NEW YORK _ More and more these days, the once-anonymous
accountant is becoming uncomfortably visible as the quiet
profession comes under widening attack for allegedly slipshod
scrutiny of the nation's bookkeeping.
Blue-chip accounting firms are under fire for missing cooked
books by insurance companies, banks, real estate firms and
Take the Big Six firm of Arthur Andersen Co., for example.
It was blasted recently by a Senate subcommittee for not
uncovering deep-seated financial problems at Empire Blue Cross
Blue Shield, the nation's largest nonprofit health insurer.
And there are plenty of problems dogging other Big Six firms _
which besides Andersen include Coopers Lybrand, Deloitte
Touche, Ernst Young, KPMG Peat Marwick and Price Waterhouse.
In the last few years, the firms have been targeted in a raft
of lawsuits alleging that accountants missed fraudulent
bookkeeping at publicly held companies that failed _ and left
investors holding the bag.
Analysts such as Howard M. Schilit, author of "Financial
Shenanigans: How to Detect Accounting Gimmicks and Fraud in
Financial Statements," say the industry needs to clean up its
"There's a liability crisis," he said. "The auditors have to
do a better job at detecting financial scams, pure and simple."
The Big Six firms, which audit nine out of every 10 publicly
traded U.S. companies, are facing $30 billion in claims from
pending lawsuits _ a dramatic jump from just a decade ago.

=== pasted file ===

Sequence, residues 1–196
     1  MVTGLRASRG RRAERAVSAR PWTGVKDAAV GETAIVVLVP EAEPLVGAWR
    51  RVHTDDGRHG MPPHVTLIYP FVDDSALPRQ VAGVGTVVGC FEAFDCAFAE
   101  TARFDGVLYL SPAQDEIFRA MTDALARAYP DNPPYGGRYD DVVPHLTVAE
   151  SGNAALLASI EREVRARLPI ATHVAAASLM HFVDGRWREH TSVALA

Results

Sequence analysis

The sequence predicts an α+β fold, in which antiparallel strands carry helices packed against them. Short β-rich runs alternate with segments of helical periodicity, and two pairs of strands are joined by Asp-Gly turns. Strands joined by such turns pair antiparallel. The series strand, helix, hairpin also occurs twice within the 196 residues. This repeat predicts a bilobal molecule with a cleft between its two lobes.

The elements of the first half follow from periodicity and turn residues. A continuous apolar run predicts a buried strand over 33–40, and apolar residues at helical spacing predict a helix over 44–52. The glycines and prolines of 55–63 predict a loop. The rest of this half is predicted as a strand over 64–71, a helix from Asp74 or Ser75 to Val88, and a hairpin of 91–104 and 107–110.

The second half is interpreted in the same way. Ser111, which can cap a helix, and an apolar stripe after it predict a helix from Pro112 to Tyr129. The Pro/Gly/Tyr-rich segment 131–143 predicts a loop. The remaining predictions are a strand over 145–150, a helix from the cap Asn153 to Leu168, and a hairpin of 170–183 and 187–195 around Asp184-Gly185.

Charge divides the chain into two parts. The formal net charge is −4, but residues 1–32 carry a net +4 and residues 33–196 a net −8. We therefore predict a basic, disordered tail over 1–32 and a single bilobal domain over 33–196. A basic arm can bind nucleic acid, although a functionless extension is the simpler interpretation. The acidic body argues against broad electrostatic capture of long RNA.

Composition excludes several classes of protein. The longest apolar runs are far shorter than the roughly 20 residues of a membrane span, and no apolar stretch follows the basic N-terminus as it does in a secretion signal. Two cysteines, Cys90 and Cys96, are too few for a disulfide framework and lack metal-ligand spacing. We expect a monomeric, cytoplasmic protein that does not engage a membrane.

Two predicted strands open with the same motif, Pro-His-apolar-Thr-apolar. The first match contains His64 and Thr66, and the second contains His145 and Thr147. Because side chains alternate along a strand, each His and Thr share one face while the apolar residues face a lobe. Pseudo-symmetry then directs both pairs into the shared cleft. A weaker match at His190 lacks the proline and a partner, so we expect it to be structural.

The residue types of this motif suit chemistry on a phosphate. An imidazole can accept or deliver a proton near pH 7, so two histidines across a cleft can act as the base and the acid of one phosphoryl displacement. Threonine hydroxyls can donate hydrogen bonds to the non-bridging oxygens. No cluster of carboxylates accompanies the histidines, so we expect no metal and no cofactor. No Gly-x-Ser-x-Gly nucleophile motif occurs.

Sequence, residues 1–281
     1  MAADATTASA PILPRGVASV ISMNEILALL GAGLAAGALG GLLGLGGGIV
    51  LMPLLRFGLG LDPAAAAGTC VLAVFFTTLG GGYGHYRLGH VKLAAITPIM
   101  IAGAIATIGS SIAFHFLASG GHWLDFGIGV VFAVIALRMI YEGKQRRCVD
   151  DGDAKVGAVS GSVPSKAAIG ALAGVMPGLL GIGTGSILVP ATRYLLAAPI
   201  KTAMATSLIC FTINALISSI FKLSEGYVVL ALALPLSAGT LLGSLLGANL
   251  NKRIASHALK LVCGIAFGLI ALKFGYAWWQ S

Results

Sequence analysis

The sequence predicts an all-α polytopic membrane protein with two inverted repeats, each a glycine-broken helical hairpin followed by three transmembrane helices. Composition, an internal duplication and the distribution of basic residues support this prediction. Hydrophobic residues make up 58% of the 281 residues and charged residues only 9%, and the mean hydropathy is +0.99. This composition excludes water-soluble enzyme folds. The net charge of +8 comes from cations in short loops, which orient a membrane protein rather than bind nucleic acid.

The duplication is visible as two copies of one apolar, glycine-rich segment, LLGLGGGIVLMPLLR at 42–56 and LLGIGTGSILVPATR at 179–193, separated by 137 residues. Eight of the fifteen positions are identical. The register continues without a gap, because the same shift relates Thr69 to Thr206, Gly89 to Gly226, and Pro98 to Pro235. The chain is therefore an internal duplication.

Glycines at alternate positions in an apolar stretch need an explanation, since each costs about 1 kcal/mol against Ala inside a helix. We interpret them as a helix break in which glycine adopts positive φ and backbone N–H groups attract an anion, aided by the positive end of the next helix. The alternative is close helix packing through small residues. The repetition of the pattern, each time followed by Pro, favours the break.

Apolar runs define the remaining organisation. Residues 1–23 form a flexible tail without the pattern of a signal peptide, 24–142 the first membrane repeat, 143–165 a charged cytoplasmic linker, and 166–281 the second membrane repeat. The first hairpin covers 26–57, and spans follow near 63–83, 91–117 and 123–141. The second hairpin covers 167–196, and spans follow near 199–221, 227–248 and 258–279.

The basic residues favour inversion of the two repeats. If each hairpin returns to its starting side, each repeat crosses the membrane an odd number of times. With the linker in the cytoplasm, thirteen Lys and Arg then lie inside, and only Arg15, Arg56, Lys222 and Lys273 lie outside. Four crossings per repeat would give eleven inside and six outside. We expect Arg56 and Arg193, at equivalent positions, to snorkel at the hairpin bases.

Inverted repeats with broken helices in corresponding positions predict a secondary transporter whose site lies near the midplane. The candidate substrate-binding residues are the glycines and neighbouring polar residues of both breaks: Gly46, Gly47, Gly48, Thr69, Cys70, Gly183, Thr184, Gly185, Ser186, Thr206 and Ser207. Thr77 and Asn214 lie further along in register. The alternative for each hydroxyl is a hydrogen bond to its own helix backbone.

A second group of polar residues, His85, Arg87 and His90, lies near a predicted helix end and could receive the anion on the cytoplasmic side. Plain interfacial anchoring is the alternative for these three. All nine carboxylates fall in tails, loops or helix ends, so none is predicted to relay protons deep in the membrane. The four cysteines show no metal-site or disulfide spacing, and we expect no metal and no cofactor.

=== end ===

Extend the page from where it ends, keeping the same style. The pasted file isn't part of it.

Critics, arguing that the industry hasn't kept pace with the
complexity of today's financial, say accountants have mostly
themselves to blame. The firms, however, blame lawyers they say
pursue frivolous lawsuits to force settlements with "deep-pocket"
No matter who's to blame, most see the lawsuits as major
trouble for an important U.S. industry with $30.8 billion in
business worldwide and 102,442 workers in America alone.
"If one of the major lawsuits is successful, I predict a Big
Six firm will fail," said James C. Emerson, editor of Emerson's
Professional Services Review, which rates accounting firms.
Here's a rundown of recent woes afflicting the industry:
In June, the U.S. Senate Permanent Subcommittee on Investigations
blasted Arthur Andersen's $1.9 million, taxpayer-funded report on
Empire Blue Cross, which generally endorsed the insurer's
accounting. But the Senate panel called the report "fatally
flawed" and lacking in "independence."
The lawmakers concluded that Andersen displayed an "absence of
professional skepticism" and "an undue reliance upon (Empire's)
representations." Responding to the criticism, Andersen officials
have stated that their job was to analyze managerial _ not
financial _ problems. …